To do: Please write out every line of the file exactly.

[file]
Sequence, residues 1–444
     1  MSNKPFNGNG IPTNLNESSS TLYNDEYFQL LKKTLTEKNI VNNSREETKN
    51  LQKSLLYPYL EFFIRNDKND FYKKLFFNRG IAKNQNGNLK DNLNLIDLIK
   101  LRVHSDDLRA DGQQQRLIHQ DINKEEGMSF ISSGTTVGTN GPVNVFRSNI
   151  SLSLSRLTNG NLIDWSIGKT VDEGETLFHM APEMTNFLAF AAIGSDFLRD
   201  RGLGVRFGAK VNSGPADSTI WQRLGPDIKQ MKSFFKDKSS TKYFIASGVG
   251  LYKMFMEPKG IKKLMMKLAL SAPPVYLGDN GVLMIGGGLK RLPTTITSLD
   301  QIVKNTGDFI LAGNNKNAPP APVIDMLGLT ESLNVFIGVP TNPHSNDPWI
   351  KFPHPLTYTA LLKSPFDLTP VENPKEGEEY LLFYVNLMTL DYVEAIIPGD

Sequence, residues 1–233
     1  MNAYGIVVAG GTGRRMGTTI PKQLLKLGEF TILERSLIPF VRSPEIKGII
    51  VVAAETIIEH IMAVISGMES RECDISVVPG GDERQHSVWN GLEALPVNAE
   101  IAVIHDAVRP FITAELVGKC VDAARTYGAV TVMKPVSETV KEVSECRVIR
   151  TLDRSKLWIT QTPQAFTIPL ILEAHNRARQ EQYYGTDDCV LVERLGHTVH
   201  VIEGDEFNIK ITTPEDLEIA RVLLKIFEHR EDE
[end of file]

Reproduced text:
Sequence, residues 1–444
     1  MSNKPFNGNG IPTNLNESSS TLYNDEYFQL LKKTLTEKNI VNNSREETKN
    51  LQKSLLYPYL EFFIRNDKND FYKKLFFNRG IAKNQNGNLK DNLNLIDLIK
   101  LRVHSDDLRA DGQQQRLIHQ DINKEEGMSF ISSGTTVGTN GPVNVFRSNI
   151  SLSLSRLTNG NLIDWSIGKT VDEGETLFHM APEMTNFLAF AAIGSDFLRD
   201  RGLGVRFGAK VNSGPADSTI WQRLGPDIKQ MKSFFKDKSS TKYFIASGVG
   251  LYKMFMEPKG IKKLMMKLAL SAPPVYLGDN GVLMIGGGLK RLPTTITSLD
   301  QIVKNTGDFI LAGNNKNAPP APVIDMLGLT ESLNVFIGVP TNPHSNDPWI
   351  KFPHPLTYTA LLKSPFDLTP VENPKEGEEY LLFYVNLMTL DYVEAIIPGD

Sequence, residues 1–233
     1  MNAYGIVVAG GTGRRMGTTI PKQLLKLGEF TILERSLIPF VRSPEIKGII
    51  VVAAETIIEH IMAVISGMES RECDISVVPG GDERQHSVWN GLEALPVNAE
   101  IAVIHDAVRP FITAELVGKC VDAARTYGAV TVMKPVSETV KEVSECRVIR
   151  TLDRSKLWIT QTPQAFTIPL ILEAHNRARQ EQYYGTDDCV LVERLGHTVH
   201  VIEGDEFNIK ITTPEDLEIA RVLLKIFEHR EDE